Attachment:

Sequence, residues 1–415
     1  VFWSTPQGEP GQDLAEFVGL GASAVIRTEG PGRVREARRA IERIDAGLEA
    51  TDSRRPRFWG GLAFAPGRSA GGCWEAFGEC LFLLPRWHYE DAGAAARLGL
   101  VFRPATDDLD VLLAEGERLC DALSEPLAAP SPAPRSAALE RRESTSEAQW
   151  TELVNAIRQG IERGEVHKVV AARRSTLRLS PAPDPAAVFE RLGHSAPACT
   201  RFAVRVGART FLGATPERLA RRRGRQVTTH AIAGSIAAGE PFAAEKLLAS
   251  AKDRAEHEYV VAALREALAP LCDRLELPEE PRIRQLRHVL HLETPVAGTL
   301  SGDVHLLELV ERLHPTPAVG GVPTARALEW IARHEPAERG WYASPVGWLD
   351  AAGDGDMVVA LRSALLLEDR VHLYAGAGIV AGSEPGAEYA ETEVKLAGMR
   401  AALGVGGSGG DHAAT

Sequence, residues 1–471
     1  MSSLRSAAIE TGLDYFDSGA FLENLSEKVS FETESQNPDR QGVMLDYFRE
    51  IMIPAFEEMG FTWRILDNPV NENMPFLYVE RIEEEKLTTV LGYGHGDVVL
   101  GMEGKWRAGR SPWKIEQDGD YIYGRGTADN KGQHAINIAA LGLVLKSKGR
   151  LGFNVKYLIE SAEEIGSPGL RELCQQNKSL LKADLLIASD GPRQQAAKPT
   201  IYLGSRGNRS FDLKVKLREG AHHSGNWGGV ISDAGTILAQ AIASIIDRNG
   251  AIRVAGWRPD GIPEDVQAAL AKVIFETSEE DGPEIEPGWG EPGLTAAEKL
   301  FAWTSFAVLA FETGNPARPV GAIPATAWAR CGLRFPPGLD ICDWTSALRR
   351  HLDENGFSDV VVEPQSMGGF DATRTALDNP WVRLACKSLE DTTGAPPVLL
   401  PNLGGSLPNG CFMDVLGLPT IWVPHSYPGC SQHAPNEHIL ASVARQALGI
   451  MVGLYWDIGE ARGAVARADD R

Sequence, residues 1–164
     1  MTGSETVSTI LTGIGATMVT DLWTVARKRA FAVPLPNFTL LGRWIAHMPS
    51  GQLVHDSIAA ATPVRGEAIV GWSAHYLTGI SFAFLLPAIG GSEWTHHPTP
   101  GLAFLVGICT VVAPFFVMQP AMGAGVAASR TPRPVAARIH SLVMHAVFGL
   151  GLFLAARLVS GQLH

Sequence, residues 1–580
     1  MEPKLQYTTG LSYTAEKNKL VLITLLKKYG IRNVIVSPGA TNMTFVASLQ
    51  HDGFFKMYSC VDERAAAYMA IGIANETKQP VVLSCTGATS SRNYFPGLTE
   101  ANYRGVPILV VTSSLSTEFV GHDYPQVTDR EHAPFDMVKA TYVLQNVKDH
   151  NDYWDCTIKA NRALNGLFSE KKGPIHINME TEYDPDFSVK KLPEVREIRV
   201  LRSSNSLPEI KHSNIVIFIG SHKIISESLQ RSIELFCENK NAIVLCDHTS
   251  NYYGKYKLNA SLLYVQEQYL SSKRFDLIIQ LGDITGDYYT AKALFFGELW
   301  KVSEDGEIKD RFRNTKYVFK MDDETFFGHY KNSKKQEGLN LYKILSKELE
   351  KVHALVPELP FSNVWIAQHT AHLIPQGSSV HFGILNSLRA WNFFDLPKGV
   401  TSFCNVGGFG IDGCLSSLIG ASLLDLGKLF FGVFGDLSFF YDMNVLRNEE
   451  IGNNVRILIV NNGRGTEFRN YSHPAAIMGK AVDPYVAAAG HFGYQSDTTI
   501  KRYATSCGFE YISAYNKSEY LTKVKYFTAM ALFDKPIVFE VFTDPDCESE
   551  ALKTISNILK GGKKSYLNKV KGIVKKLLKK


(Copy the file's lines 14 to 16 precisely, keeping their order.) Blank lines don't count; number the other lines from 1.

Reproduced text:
   101  GMEGKWRAGR SPWKIEQDGD YIYGRGTADN KGQHAINIAA LGLVLKSKGR
   151  LGFNVKYLIE SAEEIGSPGL RELCQQNKSL LKADLLIASD GPRQQAAKPT
   201  IYLGSRGNRS FDLKVKLREG AHHSGNWGGV ISDAGTILAQ AIASIIDRNG